</sub></item2><item3><item4>1</item4><item4>2</item4><item4>3</item4></item3><?m
ypi test pi?></root>


SQL> select XMLSerialize(document CSXReader.getXMLType(t.xmldata) indent) from tmp_xml t;

XMLSERIALIZE(DOCUMENTCSXREADER.GETXMLTYPE(T.XMLDATA)INDENT)
--------------------------------------------------------------------------------
<?xml version="1.0" encoding="UTF-8" standalone='no'?>
<root xmlns:ns0="test">
  <!-- my comment -->
  <item ns0:id="1" id2="2">ABC</item>
  <item2 xmlns="dummy">
    <sub>123</sub>
  </item2>
  <item3>
    <item4>1</item4>
    <item4>2</item4>
    <item4>3</item4>
  </item3>
  <?mypi test pi?>
</root>

Again, except for learning purpose and fun (of course!), this program has no practical use in real life as Oracle already provides out-of-the-box and transparent serialization methods.

 

The Path-ID table

In addition to the two token tables we’ve seen so far, I’ll also say a few words about the third shared table : the Path-ID table.
It stores unique paths to elements and attributes (including namespace nodes) and is used in conjunction with unstructured XML indexes, where the PATH_ID column of the index PATH table matches the ID of the Path-ID table.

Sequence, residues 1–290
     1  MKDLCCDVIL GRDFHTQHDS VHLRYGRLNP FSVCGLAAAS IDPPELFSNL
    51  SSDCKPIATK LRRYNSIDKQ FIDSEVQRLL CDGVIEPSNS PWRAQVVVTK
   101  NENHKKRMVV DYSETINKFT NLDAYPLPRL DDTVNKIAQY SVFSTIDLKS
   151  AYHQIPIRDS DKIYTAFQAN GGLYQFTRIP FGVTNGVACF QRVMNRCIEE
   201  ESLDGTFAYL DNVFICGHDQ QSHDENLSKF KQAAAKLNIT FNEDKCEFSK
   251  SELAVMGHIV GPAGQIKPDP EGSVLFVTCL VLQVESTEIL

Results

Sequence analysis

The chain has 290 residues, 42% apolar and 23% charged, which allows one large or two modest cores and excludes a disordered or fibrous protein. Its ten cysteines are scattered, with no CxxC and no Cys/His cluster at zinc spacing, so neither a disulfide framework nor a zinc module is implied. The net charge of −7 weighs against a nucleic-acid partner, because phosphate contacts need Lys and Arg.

SQL> select xdb.dbms_csx_admin.PathIdTable
  2  from dual;

PATHIDTABLE
--------------------------------------------------------------------------------
XDB.X$PT46FTFDTC7V946BVPU5TH71DPAC

SQL> desc XDB.X$PT46FTFDTC7V946BVPU5TH71DPAC
 Name                                      Null?    Type
 ----------------------------------------- -------- ----------------------------
 PATH                                               RAW(2000)
 ID                                                 RAW(8)

For example :

SQL> select path
  2  from XDB.X$PT46FTFDTC7V946BVPU5TH71DPAC
  3  where id = hextoraw('775F');

PATH
--------------------------------------------
02150C0248D60247C0

The path is a sequence of QName token IDs, each prefixed by a length byte :